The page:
Review Hindi

FryDay review: Govinda, Varun Sharma offer a few laughs and some food for thought

Release Date: 12 Oct 2018 / Rated: U/A / 02hr 03min

Cinestaan Rating

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Mayur Lookhar

Director Abhishek Dogra has a weak screenplay, but the relatability of his characters helps to strike a chord with the audience.

Abhishek Dogra's FryDay has a handful of desperate souls, each driven by individual need or greed.

There is Rajiv Chhabra (Varun Sharma), an innocent, righteous salesman who only has time till Friday to save his job and win back girlfriend-cum-colleague Sonam (Ashmita Kaur Bakshi).

Rajiv hasn't been able to sell a single Pavitra Pani water purifier in months, and his life and career depend upon the upcoming Friday. The man is about to lose his bearings but is advised by an anonymous customer at the local Chinese foodstall to consult a motivator named Manchanda (Sanjai Mishra), who asks him to knock on the doors of a couple, Gagan (Govinda) and Bela Kapoor (Prabhleen Sandhu).

Mrs Kapoor is to travel to Shimla, but moved by Rajiv's plight, she agrees to help him and asks him to come to her house on Friday and install the water purifier in the presence of her husband.

Unaware of the salesman's appointment, Gagan sees the Friday as the perfect opportunity to get intimate with his young girlfriend Bindu (Digangana Suryavanshi). Unfortunately for Gagan, Rajiv isn’t the only unwelcome visitor that fateful Friday.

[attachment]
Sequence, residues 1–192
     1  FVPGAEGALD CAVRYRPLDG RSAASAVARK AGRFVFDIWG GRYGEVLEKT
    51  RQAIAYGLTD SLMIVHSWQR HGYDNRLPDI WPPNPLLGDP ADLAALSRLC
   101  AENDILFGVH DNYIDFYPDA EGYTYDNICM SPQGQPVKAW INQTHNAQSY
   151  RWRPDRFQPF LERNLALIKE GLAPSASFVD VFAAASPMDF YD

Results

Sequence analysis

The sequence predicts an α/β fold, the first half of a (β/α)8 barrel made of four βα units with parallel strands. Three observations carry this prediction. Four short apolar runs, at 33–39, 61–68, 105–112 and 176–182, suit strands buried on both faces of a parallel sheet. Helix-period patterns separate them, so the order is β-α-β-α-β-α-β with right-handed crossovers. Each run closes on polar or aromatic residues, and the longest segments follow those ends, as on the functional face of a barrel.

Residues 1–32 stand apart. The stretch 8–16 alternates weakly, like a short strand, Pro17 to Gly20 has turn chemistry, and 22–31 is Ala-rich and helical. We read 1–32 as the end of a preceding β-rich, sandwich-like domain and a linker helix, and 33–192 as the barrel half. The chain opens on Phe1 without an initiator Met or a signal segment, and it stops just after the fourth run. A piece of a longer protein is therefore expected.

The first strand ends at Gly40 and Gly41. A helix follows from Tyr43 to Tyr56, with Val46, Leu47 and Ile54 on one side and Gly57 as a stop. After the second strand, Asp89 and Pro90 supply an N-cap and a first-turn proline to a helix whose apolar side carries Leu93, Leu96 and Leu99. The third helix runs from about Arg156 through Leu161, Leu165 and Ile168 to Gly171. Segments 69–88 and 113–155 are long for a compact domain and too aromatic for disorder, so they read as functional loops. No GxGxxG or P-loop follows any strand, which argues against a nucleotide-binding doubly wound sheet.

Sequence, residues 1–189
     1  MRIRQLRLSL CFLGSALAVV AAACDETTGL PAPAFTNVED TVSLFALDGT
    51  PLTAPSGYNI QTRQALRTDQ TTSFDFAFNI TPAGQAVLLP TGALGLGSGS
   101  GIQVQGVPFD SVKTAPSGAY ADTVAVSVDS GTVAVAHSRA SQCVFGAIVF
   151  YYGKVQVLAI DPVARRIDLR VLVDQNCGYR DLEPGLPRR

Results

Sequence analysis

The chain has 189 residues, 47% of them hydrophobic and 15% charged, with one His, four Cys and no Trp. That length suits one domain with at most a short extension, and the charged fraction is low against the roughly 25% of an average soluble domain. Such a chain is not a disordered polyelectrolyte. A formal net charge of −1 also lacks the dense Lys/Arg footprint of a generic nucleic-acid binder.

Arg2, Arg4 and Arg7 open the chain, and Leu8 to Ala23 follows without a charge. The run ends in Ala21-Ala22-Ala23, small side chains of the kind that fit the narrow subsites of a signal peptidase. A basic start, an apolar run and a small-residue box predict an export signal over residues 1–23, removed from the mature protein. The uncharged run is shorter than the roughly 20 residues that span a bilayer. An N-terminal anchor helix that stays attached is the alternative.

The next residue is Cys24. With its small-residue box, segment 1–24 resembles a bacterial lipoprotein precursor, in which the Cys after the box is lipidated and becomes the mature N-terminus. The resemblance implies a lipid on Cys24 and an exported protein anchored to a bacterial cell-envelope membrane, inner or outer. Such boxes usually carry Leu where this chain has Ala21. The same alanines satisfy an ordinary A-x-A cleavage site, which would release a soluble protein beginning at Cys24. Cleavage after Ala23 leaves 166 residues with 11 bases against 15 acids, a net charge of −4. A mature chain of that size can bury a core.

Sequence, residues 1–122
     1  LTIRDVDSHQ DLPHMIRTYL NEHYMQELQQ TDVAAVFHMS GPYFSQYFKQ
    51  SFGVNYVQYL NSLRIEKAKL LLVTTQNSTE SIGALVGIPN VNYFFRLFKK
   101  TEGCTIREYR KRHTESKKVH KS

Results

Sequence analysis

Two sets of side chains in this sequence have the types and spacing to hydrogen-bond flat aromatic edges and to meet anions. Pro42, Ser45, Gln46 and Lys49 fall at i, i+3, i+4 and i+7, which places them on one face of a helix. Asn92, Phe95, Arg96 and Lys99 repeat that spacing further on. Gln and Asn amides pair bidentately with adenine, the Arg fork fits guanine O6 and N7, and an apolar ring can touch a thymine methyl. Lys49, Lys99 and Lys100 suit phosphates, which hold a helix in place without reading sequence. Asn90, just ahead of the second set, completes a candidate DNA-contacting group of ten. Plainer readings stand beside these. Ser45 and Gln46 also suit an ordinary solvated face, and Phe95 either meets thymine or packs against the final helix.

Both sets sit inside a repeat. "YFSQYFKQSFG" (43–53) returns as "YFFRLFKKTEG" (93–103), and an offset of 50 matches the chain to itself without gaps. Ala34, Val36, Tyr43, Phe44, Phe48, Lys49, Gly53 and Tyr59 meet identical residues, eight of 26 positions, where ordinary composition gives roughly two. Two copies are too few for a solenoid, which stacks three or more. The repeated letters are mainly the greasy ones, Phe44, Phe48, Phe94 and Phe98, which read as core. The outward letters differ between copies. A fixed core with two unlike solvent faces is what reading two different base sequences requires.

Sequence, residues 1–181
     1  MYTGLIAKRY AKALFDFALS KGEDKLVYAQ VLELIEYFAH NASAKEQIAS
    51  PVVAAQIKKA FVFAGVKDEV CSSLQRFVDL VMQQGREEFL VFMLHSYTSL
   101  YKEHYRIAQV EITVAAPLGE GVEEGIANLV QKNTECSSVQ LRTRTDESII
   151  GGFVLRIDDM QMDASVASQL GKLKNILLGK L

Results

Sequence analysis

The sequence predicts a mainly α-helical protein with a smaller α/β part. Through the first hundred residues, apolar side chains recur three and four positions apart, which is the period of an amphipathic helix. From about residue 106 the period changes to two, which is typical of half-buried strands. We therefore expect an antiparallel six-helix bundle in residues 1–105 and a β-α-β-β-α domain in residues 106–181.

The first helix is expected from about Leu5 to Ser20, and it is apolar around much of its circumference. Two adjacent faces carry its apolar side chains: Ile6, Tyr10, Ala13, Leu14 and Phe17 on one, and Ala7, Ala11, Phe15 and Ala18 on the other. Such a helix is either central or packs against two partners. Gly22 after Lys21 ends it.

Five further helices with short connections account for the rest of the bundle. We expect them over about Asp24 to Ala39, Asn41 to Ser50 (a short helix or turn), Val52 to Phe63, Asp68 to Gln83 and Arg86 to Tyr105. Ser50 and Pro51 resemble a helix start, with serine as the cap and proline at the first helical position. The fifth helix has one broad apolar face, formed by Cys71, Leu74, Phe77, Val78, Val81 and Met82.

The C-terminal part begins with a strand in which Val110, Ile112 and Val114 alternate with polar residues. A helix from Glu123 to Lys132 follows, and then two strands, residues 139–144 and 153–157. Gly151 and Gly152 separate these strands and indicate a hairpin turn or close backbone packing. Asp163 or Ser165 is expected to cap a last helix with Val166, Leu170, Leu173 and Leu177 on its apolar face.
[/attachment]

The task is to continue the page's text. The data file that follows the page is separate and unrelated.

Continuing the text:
Dogra made his directorial debut with the con drama Dolly Ki Doli (2015). The film was much liked for its entertaining story, simple writing, and humour. FryDay is a story cooked by [writer] Rajeev Kaul, with actor-writer Manurishi Chadha penning the dialogues, and helping Kaul with the screenplay.

The story is appetizing, but Kaul and Chadha churn up a weak, half-fried screenplay that spoils the fun. Chadha’s frailty as a dialogue writer was earlier exposed in Faraz Haider’s Nanu Ki Jaanu (2018), but FryDay is a satisfactory effort.

Here’s a plot that rides more on the verbal volleys between Gagan and Rajiv/Bindu. Chadha, however, goes overboard with Gagan and Rajiv’s rhyming which sound more like disorderly conversations. This style of communication was cleverly used by David Dhawan in Deewana Mastana (1997). Remember Pappu Pager?

When Gagan is interacting with the women, he resorts to flattery. Not in a good way though. For example, Gagan tries to persuade his uninterested wife for sex, saying, “Once in a week is a must.” When she refuses, he cries, ”What about Gagan’s lust?"

The alacrity with which people keep coming to Gagan’s house in the first half of the film makes the act look staged. The maid puts up a poor act, while Dogra could have done away with the awestruck courier altogether.

Barring a few fun moments, the first half is largely dull. Before the interval, we see Bela use the key and walk into the house. After the interval, she is seen walking through the lawn of the bungalow and using the key to step inside the house. Was that an error made on the editing table? Editor Manan Ajay Sagar may be best placed to explain that.